equality. Indicative of a higher level of racial

    consciousness, participants employed behaviors in their

    classrooms reflective of a more expansive view of

    equality in that their focus was on the systemic, with

    regard to how explorations of race and racism, or power

    and privilege more broadly, contribute to both

    classroom conditions and professional competence

    among students. Patterns within the data suggest that

    these participants were more concerned with their

    impact and not simply their intent and challenging the

    status quo with their faculty behaviors. The participant

    (lecturer) account below illustrated this focus:

    [O]ne of my White male students said to me

    after class one day, Have you ever noticed that all

    the places that have the trouble are the poorest and

    have the Black people? I used that opportunity to

    say, Lets explore other things and see if we can

    still use race as the explaining variable.

    This participant, as with others participants whose

    behaviors reflect an expansive view of equality, utilized

    their course aims and content to critique and evaluate

    widely accepted cultural norms that reinforced

    racialized structures not only in the classroom, but also

    in their industry. To illustrate, this same participant

    used the global economy as a means of exploring how

    poverty and capitalism are used to maintain hierarchies

    of power along the lines of race, ethnicity, and class.

    Patterns within the data also suggest that these

    participants believed it was the responsibility of faculty

    to connect the subject matter to its societys social

    implications. For instance, one participant (lecturer)

    shared their experience teaching in the Business School

    about ethical business practices, which they assert should

    extend beyond workplace interest and illuminate a

    corporations relationship with the community:

    But some students resist and say, No, it is about

    wealth creation. I challenge these assumptions by

    emphasizing corporate social responsibility

    throughout the curriculum. And one student, a

    senior, said hed never heard that term before. And

    I said, You give me the names of the faculty, and

    I went to them.

    These participants maintained that as faculty, they

    see themselves and their students as part of a society

    and thus responsible for taking care of its

    infrastructure. Patterns within the data also suggest

    that the aim of these participants in the classroom was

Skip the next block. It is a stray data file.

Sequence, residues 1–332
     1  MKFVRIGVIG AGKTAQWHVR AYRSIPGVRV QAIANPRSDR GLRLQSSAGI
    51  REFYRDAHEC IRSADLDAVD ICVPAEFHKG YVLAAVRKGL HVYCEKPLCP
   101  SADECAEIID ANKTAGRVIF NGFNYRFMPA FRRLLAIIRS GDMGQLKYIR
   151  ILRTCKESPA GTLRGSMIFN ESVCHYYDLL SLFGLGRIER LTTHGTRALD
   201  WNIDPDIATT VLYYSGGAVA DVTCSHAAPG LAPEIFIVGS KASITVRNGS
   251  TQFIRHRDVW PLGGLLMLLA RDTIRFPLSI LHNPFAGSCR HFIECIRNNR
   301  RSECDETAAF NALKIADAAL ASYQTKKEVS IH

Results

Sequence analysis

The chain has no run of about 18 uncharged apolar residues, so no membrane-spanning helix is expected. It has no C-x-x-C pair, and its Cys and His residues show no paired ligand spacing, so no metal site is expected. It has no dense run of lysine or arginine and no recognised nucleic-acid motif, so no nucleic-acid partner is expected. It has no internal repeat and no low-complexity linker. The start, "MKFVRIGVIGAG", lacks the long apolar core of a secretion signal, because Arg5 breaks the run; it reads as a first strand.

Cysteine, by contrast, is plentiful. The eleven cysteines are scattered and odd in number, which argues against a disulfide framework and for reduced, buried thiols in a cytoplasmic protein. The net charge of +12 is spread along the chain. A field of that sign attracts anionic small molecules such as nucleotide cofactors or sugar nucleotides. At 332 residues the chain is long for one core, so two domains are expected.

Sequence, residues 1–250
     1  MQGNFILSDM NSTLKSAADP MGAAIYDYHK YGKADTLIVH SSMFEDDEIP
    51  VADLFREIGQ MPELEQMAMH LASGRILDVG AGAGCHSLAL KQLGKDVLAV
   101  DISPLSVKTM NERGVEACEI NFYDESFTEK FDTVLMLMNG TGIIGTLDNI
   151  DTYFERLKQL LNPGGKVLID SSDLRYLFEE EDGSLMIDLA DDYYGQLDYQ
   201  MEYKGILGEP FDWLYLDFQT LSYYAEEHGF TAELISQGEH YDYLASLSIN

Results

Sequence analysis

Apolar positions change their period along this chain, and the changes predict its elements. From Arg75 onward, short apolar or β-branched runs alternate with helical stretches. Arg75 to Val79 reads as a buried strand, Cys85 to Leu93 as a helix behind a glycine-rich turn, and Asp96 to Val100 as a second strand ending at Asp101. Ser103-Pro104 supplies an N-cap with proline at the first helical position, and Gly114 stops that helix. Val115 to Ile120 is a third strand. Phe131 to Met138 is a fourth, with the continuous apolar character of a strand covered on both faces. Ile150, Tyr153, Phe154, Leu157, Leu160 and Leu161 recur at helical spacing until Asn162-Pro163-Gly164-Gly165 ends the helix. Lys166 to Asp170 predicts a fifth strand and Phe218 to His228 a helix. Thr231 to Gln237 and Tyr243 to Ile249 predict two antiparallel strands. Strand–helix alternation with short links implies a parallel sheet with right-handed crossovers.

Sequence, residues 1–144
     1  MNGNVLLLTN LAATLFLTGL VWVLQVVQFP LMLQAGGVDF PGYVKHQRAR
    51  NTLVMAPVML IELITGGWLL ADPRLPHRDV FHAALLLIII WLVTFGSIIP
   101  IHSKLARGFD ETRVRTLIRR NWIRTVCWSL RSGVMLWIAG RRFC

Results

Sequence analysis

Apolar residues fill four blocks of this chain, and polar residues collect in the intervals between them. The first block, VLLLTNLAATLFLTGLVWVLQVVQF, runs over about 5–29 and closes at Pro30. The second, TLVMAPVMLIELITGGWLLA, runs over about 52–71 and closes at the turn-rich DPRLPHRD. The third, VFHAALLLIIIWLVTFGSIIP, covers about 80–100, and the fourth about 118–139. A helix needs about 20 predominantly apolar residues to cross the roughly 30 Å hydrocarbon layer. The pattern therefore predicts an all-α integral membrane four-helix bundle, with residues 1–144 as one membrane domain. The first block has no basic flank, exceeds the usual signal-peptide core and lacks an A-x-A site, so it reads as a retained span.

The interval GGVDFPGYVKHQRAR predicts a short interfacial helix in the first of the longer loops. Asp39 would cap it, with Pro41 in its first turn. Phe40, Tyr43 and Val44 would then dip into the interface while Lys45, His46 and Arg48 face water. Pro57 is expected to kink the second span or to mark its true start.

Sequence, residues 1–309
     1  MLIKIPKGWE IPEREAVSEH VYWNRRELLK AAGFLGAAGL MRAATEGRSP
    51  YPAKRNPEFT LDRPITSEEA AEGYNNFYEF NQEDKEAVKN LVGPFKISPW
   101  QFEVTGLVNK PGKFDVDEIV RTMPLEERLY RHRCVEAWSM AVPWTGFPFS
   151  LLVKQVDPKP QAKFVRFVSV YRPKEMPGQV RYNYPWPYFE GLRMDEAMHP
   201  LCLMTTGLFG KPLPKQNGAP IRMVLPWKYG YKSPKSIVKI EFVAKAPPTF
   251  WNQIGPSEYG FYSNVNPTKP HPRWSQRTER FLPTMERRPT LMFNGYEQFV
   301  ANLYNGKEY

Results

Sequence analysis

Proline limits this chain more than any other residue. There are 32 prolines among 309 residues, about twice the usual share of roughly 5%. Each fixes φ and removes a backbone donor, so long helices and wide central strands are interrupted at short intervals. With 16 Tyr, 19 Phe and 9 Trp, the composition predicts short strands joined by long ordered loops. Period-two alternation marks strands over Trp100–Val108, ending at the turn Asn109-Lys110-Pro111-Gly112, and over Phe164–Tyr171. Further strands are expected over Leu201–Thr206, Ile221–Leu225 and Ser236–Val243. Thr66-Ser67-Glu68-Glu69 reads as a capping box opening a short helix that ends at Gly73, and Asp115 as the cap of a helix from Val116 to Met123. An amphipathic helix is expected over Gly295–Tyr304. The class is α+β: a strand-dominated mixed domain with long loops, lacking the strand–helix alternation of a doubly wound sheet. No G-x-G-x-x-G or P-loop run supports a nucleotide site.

not limited to altering attitudes through the celebration

    of difference, as those who employed behaviors

    reflective of a restrictive view of equality. Instead,

    findings indicate that these participants used their

    faculty behaviors to expose students to how they could

    be complicit in the perpetuation of racism and other

    forms of oppression. Furthermore, these participants

    were also able to demonstrate for their students how

    developing racial consciousness contributes to a

    mastery of professional competence in their respective

    disciplines/industries.

  • Haynes Equitable Educational Outcomes 97

    Behaviors that reflect an expansive view of equality

    likewise shape learner experiences in the classroom.

    Patterns within the data suggest that the learning process,

    under these conditions, is two-dimensional, with the

    majority of participants describing it as a two-way

    street. Participant accounts also revealed that these

    faculty believed their students not only contributed to

    their learning, but also were imperative to knowledge

    construction in their classroom. Generativity, or the

    collective scaffolding of ideas that aid in their critical

    examination, is how one participant (lecturer) described

    the mode of knowledge construction in their classroom.

    Another (associate/full professor) noted that Faculty

    must create the pedagogical presence that requires them

    to also be present to people, meet students where they

    are, and draw upon what students bring to the

    classroomit is also a part of my experience.

    Participant accounts also convey that these faculty

    were comfortable with addressing issues of race that

    emerged in their classrooms. Participants appeared to

    exercise a variety of strategies in this regard. But the

    centrality of race/racism, or more broadly power and

    privilege, that was explored through their curriculum,

    combined with a commitment to involve students in

    knowledge construction, resulted in these faculty

    reporting that they were prepared for the unexpected,

    believing it necessary to be amendable in the

    classroom. One participant (associate/full professor)

    recollects the following:

    Once you introduce issues of race/ethnicity, its not

    far beneath that you also encounter stereotypes and